Proposal to track Bitcoins sparks communitywide debate

At odds are one side that wants anonymity, complete decentralization and no intervention by any central authority such as governments, and one side that seeks legitimacy by cooperating with regulators, educating them and ensuring future problems are limited.

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Proposal to track Bitcoins sparks communitywide debate

At odds are one side that wants anonymity, complete decentralization and no intervention by any central authority such as governments, and one side that seeks legitimacy by cooperating with regulators, educating them and ensuring future problems are limited.

An idea that originated from within the Bitcoin Foundation cast that division in stark relief earlier this month.

Mike Hear, who chairs the foundation’s law and policy committee, put forth an idea on the foundation’s internal forum to “redlist” any Bitcoin outputs that have been stolen or used in committing crimes.

Consequently, future transactions involving those outputs would be marked.

From a law enforcement perspective, this makes sense because it leaves some kind of a digital trail back to the scene of a crime.

But opponents argue this victimizes future holders by devaluing those marked Bitcoins. Others questioned why this wasn’t being discussed in a public forum but in a private and influential one.

Then there is Coin Validation, a limited liability company that asks the question: “How do Bitcoin businesses achieve regulatory compliance within the United States?"

Coin Validation’s idea would be to develop a process that verifies Bitcoin address holders’ identities, effectively segmenting a group of Bitcoin users into a “more reliable” list for regulated companies.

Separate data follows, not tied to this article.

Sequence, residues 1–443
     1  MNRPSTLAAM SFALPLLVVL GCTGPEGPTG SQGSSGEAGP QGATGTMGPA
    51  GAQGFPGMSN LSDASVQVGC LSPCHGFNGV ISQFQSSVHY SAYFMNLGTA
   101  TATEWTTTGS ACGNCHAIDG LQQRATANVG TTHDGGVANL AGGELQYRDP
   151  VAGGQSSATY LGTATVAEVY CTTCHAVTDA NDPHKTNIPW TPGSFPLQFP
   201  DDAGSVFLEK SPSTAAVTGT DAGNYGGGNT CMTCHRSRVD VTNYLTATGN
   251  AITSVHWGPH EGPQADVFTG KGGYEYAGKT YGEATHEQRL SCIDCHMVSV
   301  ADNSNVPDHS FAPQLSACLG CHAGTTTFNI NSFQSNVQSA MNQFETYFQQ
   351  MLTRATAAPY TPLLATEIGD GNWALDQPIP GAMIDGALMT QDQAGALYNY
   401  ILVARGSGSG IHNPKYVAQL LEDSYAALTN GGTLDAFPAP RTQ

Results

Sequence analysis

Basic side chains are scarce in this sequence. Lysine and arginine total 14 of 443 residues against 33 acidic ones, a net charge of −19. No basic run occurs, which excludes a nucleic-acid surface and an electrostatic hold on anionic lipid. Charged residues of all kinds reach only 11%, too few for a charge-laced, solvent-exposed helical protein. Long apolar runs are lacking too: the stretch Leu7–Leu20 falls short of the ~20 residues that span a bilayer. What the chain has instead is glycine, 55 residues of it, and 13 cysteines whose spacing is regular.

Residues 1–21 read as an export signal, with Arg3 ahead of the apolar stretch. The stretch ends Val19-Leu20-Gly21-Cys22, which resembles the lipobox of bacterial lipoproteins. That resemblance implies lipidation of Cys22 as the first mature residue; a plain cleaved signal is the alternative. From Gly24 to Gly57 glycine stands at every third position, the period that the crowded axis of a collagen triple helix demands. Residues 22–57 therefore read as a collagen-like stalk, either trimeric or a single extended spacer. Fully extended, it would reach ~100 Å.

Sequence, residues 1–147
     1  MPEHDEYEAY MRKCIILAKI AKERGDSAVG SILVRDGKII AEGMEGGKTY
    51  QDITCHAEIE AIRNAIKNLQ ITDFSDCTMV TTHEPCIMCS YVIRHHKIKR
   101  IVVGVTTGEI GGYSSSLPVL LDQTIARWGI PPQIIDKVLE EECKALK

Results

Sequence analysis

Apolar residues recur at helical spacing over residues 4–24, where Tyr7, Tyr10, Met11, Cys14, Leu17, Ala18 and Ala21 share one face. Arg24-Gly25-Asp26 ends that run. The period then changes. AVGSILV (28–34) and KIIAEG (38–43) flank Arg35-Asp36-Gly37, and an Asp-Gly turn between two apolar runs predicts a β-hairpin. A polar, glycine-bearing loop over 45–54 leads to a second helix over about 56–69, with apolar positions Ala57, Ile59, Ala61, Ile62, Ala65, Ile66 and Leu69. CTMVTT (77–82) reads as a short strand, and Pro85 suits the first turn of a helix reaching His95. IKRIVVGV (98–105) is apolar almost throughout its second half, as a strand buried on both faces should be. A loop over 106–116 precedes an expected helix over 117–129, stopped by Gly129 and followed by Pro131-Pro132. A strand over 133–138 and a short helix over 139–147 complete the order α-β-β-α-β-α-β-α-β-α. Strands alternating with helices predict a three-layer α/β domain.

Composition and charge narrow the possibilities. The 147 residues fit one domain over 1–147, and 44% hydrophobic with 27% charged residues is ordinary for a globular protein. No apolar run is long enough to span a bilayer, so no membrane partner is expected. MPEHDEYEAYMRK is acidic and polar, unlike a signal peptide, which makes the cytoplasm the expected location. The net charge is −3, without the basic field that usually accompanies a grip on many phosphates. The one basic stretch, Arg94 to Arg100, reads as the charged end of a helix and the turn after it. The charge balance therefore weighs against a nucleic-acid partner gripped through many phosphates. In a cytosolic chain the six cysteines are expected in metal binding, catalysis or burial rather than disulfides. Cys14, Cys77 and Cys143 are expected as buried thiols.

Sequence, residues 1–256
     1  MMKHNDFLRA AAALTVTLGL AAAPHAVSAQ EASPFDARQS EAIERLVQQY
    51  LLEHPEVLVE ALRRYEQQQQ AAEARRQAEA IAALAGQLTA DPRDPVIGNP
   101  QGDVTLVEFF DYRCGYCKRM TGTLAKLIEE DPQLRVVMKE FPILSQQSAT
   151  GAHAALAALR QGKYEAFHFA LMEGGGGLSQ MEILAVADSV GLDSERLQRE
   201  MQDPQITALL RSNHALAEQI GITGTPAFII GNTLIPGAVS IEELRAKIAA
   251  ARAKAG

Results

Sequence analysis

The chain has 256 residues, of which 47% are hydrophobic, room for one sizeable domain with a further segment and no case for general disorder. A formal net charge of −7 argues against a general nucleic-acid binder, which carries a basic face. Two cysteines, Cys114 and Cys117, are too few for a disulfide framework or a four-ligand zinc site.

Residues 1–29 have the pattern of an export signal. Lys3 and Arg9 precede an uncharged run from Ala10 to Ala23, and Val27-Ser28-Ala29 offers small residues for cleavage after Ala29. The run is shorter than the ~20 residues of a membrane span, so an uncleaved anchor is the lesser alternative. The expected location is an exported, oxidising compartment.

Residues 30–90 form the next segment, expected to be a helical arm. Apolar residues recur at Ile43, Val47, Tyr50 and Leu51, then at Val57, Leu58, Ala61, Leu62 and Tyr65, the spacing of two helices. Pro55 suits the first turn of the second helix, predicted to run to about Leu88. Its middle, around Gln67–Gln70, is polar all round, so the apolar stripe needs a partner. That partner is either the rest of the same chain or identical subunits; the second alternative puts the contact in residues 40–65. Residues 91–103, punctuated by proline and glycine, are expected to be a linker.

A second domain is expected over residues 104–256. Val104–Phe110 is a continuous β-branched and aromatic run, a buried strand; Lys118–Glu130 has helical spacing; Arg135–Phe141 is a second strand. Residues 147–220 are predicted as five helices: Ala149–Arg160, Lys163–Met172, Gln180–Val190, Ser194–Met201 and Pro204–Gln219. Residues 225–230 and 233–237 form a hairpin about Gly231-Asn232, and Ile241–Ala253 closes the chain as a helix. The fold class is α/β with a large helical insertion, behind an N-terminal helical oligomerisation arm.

This obviously would rub the pro-anonymity set the wrong way, and it could also have the effect of also devaluing certain Bitcoins. To certain businesses, 1 BTC from a validated address would be worth more than 1 BTC from an unvalidated address.

Jaron Lukasiewicz, founder of Coinsetter and someone who has a lot of experience in dealing with regulation, argues that while validation could be good, putting in the hands of a single for-profit group flies in the face of the decentralization of Bitcoin.

And there is a slippery slope that needs to be considered when talking about regulation. Once Bitcoins get marked or addresses validated, what new regulations might emerge to further constrain activity?

Then, the Bitcoin community has to reconcile the desires of both camps. Most aspects of the currency are agreed upon communitywide. So there’s that.

But this emerging divide has the potential to fracture Bitcoin users and undercut the currency’s value. Ironically, seeking legitimacy could cause Bitcoin to suffer in the end. On the other hand, legitimacy and acceptance — which includes minimizing risk for merchants, banks and investors — will drive the value upward, at least in theory.

For now, one step at a time is the way to go. Bitcoin’s meteoric rise in value has a lot of people excited. A careful think-through by Bitcoin community members is necessary so everyone can figure out what are our common priorities and goals.

We can move forward from there.

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